Shane Filan's brother Finbarr on jobs, debt and his bid for the Dáil
Shane Filan's brother Finbarr has spoken frankly about his efforts to deal with his debts, originally put at €15m, as he declared his candidacy for Renua Ireland.
He will be standing in the newly reconfigured four-seat Sligo-Leitrim constituency for the party, which is headed by Lucinda Creighton.
Westlife singer Shane Filan and Finbarr became involved in a building and property business, which ended in early 2013 with massive debts.
Shane was declared bankrupt in Britain, where he then lived, but Finbarr, an industrial engineer, said he had continued to work with the banks to resolve his debts.
"That is an ongoing process and I expect I'll be meeting again this week with the banks," Mr Filan said.
Finbarr returned to his family's shop in Castle Street in Sligo. "I had to retrain in retail and I've worked at it ever since. Now we have 22 people employed," he said.
The idea of going into politics began when he read a newspaper article about the earlier manifestation of Renua, 'Reboot Ireland'. He attended a meeting in Sligo hosted by Ms Creighton in early April.
"I'm involved in small business and I think that is where the future of this economy lies. When I started working on Castle Street there were 61 people working on the street," he said.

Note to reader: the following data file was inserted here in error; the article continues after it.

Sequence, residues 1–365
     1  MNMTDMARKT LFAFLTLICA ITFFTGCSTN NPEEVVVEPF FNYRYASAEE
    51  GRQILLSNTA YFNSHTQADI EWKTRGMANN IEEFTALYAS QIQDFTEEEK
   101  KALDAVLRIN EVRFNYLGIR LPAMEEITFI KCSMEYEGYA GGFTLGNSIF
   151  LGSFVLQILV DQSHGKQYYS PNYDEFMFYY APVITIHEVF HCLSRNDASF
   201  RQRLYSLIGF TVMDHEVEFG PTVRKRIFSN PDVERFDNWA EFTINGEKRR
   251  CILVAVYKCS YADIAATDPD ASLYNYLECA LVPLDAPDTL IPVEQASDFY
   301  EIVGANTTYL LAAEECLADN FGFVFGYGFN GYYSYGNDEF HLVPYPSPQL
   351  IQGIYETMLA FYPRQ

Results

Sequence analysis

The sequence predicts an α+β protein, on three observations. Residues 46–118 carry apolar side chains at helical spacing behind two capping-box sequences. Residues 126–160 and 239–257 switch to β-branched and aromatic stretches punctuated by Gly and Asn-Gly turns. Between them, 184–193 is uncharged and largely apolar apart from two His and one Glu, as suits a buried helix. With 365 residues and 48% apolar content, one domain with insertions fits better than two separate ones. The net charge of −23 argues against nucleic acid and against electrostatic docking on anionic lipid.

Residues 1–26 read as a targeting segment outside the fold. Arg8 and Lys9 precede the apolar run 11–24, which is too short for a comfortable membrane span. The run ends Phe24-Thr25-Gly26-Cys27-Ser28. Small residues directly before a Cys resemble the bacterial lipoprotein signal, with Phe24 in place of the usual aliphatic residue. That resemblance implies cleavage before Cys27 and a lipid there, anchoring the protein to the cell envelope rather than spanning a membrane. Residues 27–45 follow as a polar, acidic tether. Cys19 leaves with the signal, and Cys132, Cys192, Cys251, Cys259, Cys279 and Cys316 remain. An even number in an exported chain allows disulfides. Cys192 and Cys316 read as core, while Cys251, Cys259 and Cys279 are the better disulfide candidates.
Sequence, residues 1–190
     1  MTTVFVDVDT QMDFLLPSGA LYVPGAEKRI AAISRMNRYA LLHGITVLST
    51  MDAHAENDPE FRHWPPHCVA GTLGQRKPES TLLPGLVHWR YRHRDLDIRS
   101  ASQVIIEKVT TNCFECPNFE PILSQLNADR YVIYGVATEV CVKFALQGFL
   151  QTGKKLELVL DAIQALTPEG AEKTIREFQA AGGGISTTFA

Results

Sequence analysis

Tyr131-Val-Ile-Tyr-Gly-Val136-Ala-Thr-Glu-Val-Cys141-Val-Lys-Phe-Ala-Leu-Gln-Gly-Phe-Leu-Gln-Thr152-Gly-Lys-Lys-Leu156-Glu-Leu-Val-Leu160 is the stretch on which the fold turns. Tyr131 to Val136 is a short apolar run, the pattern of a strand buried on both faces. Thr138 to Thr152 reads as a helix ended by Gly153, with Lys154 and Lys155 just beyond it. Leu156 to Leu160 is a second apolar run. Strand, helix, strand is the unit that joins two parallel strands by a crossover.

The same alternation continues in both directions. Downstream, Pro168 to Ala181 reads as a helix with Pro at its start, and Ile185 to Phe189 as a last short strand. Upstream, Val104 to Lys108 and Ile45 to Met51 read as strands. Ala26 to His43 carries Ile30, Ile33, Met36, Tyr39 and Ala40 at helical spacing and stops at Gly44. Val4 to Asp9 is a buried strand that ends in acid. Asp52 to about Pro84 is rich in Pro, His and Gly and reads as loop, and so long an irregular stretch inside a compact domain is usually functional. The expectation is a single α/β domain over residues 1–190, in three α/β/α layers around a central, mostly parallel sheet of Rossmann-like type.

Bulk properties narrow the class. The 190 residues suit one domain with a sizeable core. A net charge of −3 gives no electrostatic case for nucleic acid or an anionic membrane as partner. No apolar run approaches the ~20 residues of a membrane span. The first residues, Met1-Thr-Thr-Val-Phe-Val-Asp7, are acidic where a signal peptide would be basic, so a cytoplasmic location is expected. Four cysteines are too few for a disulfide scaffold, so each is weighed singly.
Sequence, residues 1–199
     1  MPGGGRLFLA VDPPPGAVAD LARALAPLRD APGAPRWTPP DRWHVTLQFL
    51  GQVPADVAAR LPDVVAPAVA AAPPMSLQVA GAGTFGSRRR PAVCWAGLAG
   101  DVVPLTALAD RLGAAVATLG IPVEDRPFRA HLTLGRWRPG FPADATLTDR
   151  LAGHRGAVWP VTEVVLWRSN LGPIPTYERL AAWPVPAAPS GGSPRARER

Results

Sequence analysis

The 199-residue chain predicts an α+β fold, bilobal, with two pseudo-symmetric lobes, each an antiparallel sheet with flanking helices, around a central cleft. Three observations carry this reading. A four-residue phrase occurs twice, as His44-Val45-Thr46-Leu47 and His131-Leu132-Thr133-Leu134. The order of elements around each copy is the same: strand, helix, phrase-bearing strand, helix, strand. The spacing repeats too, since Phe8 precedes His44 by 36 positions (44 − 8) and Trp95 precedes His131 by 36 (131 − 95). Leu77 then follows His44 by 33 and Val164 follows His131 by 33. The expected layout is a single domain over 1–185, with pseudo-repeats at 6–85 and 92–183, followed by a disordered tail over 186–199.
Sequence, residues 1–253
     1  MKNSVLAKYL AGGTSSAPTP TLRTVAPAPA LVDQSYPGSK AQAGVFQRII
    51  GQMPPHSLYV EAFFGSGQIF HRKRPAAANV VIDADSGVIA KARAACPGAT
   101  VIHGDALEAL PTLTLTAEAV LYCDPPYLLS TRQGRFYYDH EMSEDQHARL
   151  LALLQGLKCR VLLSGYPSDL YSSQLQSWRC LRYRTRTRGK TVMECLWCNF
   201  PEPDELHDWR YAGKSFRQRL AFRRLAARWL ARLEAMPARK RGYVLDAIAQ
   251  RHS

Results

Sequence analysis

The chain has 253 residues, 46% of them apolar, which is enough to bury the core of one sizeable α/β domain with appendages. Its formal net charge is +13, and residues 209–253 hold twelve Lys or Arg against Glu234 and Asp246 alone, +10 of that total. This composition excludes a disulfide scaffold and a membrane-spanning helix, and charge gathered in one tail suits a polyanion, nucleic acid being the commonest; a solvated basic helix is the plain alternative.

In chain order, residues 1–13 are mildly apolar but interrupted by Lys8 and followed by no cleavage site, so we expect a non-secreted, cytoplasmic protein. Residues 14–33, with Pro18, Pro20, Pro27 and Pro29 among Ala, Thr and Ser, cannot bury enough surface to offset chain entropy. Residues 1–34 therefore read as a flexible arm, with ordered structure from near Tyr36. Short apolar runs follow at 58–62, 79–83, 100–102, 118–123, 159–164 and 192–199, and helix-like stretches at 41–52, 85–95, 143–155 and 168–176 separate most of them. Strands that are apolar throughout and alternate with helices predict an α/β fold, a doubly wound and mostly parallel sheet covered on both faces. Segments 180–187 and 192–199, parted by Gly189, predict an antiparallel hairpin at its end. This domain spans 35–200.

"Now that number has increased to 161 and that is how jobs will be built up, in ones and twos and so on."
He hopes to become a political voice for small business and community activists. "Neither I nor anybody in my family was even a member of a political party up to now, but I'm ready to learn," said Finbarr.
Meanwhile, Enda Kenny's first director of elections has joined Renua.
Frank Durcan was Mr Kenny's director of elections for the 1975 by-election which saw the Taoiseach successfully contest his late father Henry's Dáil seat.
Mr Durcan also worked closely with Mr Kenny on other election campaigns until 1984. But later Mr Durcan served as an independent on Mayo County Council.
Mr Durcan said he joined Renua because he believed it was the only "credible political party".
He also paid tribute to Ms Creighton, whom he described as "another Mary Robinson in the making".